Repairs to ferry’s port rudder estimated to cost up to $500,000
© — Photo by John McCarthy
The Joseph and Clara Smallwood docked last week at Boston Ship Repair, Mass., where emergency repairs were made to its port rudder.
Marine Atlantic expects the ferry Joseph and Clara Smallwood to resume sailing the Cabot Strait today.
Friday, the ferry was en route to Newfoundland from a drydock in Boston, Mass., where emergency repairs to its port-side rudder were completed.
Marine Atlantic estimates the cost of those repairs range from $400,000 to $500,000 — but the Crown corporation expects insurance will cover a portion of the price.
“The final cost to the corporation we don’t know yet because we’re still exploring that option,” said Tara Laing, spokeswoman for Marine Atlantic.
The Smallwood’s first crossing today will be strictly for commercial traffic.
“The customers facing the biggest impact would have been our commercial customers,” Laing explained.
On Sunday, the Smallwood resumes regular service with its usual mix of passenger cars and commercial trucks.
Laing said the corporation looked at two main issues in selecting the Boston shipyard for emergency repairs.
“We needed a shipyard within 48 hours sailing from North Sydney, because that’s where the vessel was.
“The shipyard had to be able to accommodate the vessel and we needed to get it in as quick as possible.”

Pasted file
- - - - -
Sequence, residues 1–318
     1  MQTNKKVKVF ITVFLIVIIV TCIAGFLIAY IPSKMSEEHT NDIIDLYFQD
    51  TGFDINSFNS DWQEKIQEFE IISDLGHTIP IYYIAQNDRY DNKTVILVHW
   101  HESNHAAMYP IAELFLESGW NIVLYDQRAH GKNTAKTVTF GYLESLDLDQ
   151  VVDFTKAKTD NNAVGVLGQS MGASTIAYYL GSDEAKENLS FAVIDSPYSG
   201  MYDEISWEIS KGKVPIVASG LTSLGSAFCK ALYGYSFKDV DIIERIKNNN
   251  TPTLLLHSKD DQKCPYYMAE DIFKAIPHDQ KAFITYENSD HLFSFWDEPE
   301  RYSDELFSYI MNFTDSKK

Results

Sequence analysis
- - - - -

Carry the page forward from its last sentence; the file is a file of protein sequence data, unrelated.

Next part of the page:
Marine Atlantic usually sends it ferries to shipyards in Quebec or Nova Scotia.
“None of those were available,” Laing said.
“Then, we had to expand our search. That was how we ended up with Boston.”
Boston Ship Repair has a 350-metre graving dock.
Laing said shipyards in Newfoundland are unable to accommodate the 179-metre Smallwood, or the Caribou, which is the same length.
The Atlantic Vision, which is 203 metres, is undergoing its annual refit in Quebec. The ferry is expected back in service by the end of the month.
The Smallwood was taken out of service Oct. 3 when one of its two rudders experienced mechanical problems. Repairs were completed a week ahead of schedule.
“We were fortunate that the parts were available … everybody worked around the clock,” Laing said. “It’s a lot of work to try to get a vessel to drydock — there’s a lot of preparation.”
The crew, for instance, had to be equipped with passports before heading to a U.S. port.
“There were a lot of things that happened behind the scenes to make this happen as smoothly as it did.”